A second feature of the cooking apparatus is a towing assembly which supports the housing above a support surface for rendering it mobile for transport over the support surface to a desired cooking site and for retaining it stationary once the desired site has been reached. The mobile towing assembly includes a pair of laterally spaced non-steerable rear wheels, a single steerable caster-type front wheel and a towing handle for permitting one person to easily tow and maneuver the mobilized housing in any direction. The towing assembly also includes one or more stabilizing stands adjustable between raised and lowered positions in which the stands contact the support surface and secure the cooking apparatus against rolling due to irregularities of the support surface.
A third feature of the apparatus is a fire height adjusting assembly which permits tailoring of the position of the fire to the type of cooking to be carried out. The fire height adjusting assembly includes a pair of shafts mounted through an upper portion of the housing and across the cooking chamber therein, a plurality of elongated flexible members, such as cables, disposed within the cooking chamber adjacent to the corners thereof and attached at upper ends to the shafts adjacent to opposite ends thereof and at lower ends to the corners of the fire tray, and a drive mechanism disposed at the exterior of the housing outside of the cooking chamber and supported by one pair of the opposite ends of the shafts. The drive mechanism includes a pair of sprockets attached on the one ends of the shafts, a drive chain entrained over and extending between the pair of sprockets, a crank attached to one of the shafts for manually turning the shafts to raise and lower the fire tray and a locking pawl engageable with one of the sprockets for holding the one engaged sprocket stationary to retain the fire tray at the desired adjusted height in the cooking chamber.
A fourth feature is a rotisserie assembly which provides for uniform and slow cooking of a large quantity of food and permits easy and quick removal and disassembly to clean the parts thereof and to convert to other cooking options. The rotisserie assembly includes an elongated drive shaft rotatably mounted between opposite end walls of the housing, a manual or automatic source of drive power mounted to the exterior of the housing and coupled to one .end of the drive shaft, a pair of spiders supported in the cooking chamber by the drive shaft adjacent to the opposite ends thereof, and a plurality of cooking baskets hung upon and extending between aligned pairs of radial arms of the spiders. The baskets are easily installed on and removed from the spiders for quick assembling and disassembling of the rotisserie assembly and maintenance thereof.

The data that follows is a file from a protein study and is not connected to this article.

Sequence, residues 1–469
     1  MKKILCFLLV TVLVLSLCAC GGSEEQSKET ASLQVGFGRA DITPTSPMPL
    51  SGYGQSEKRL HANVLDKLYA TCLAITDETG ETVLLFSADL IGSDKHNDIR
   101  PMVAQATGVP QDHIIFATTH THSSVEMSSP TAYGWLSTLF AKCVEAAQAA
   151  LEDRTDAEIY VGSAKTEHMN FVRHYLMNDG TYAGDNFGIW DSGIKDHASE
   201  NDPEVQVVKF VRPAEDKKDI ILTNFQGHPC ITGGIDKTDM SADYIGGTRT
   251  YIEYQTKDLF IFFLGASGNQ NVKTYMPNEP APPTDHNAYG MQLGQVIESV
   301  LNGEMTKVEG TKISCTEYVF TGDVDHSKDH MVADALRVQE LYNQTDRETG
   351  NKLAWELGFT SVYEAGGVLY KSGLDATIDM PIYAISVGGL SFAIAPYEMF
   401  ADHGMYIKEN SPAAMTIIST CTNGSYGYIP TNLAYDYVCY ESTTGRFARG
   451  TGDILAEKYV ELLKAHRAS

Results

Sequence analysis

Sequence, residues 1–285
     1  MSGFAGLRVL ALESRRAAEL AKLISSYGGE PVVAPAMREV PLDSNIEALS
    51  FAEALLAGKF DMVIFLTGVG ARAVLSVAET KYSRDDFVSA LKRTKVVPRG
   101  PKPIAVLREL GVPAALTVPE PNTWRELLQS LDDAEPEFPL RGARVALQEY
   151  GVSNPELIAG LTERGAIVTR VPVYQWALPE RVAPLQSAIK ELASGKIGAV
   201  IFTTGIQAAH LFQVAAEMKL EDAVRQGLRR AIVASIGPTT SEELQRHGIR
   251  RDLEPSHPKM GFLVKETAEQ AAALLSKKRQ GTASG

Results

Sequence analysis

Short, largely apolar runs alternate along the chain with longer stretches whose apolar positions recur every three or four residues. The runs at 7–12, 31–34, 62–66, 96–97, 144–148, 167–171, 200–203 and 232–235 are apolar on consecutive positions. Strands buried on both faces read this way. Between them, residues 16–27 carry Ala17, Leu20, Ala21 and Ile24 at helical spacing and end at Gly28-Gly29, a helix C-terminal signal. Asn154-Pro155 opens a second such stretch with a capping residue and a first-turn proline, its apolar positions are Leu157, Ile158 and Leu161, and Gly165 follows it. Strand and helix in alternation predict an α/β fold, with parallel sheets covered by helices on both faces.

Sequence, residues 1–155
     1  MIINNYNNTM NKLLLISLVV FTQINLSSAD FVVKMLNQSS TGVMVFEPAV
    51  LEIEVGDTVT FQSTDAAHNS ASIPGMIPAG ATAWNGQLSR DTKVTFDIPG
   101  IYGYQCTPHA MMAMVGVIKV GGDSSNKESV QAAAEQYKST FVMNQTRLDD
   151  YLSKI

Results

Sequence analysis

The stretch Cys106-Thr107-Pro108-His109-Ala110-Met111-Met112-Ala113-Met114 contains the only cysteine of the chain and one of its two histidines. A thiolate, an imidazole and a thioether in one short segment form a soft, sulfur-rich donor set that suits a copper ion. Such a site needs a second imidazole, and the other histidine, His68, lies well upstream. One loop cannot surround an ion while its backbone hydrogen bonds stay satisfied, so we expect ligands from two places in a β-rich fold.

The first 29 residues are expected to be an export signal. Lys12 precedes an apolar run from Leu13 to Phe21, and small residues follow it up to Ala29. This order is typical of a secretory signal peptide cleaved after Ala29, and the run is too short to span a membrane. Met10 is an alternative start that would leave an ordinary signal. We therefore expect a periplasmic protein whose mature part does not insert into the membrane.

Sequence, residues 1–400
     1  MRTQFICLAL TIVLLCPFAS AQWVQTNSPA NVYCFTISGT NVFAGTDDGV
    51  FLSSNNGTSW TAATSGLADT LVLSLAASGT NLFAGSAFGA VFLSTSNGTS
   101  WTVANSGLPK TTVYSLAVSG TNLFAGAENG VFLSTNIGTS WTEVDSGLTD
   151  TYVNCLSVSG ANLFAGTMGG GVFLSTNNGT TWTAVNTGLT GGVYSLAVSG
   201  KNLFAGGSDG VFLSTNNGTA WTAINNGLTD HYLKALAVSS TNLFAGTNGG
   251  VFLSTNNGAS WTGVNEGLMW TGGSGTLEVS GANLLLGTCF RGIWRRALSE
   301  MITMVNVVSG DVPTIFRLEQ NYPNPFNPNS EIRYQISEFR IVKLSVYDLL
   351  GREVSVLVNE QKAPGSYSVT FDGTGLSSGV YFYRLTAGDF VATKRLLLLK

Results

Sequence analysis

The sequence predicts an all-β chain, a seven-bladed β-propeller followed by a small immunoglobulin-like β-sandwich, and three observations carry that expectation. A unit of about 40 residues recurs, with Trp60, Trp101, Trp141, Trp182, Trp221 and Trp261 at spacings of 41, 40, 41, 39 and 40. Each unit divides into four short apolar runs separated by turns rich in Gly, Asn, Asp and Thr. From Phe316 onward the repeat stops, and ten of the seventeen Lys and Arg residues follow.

Other important features of ,the cooking apparatus which contribute to its overall effectiveness include an adjustable hood assembly for covering the cooking chamber and an ash collection and removal assembly which permits easy washout and cleanup of the housing.
These and other features and advantages of the present invention will become apparent to those skilled in the art upon a reading of the following detailed description when taken in conjunction with the drawings wherein there is shown and described an illustrative embodiment of the invention.
In the following detailed description, reference will be made to the attached drawings in which:
FIG. 1 is a front perspective view of a portable pit cooking apparatus of the present invention.
FIG. 2 is an enlarged fragmentary perspective view of a rotisserie assembly of the cooking apparatus.
FIG. 3 is a rear perspective view of the cooking apparatus.
FIG. 4 is an exploded fragmentary perspective view of the rotisserie assembly of the cooking apparatus.
FIG. 5 is a diagrammatic representation of a fire height adjusting assembly of the cooking apparatus.
FIG. 6 is an enlarged perspective view of an alternative construction of the rotisserie assembly of the cooking apparatus.
FIG. 7 is an enlarged fragmentary perspective view of a stabilizer stand of the cooking apparatus.
FIG. 8 is an enlarged perspective view of an adjustable hood assembly of the cooking apparatus.
FIG. 9 is an enlarged side elevational view of a heat distrubuting assembly of the cooking apparatus.
FIG. 10 is a top plan view of the heat distributing assembly of cooking apparatus as seen along line 10--10 of FIG. 9.
In the following description, like reference characters designate like or corresponding parts throughout the several views of the drawings. Also in the following description, it is to be understood that such terms as "top", "bottom", "front", "rear" and the like are words of convenience and are not to be construed as limiting terms.
Referring to the drawings and particularly to FIGS. 1-3, there is illustrated a portable pit cooking apparatus, generally designated 10, of the present invention. Basically, the cooking apparatus 10 includes a heat distributing assembly 12, a towing assembly 14, a fire height adjusting assembly 16, a rotisserie assembly 18, an adjustable hood assembly 20 and an ash collection and removal assembly 22.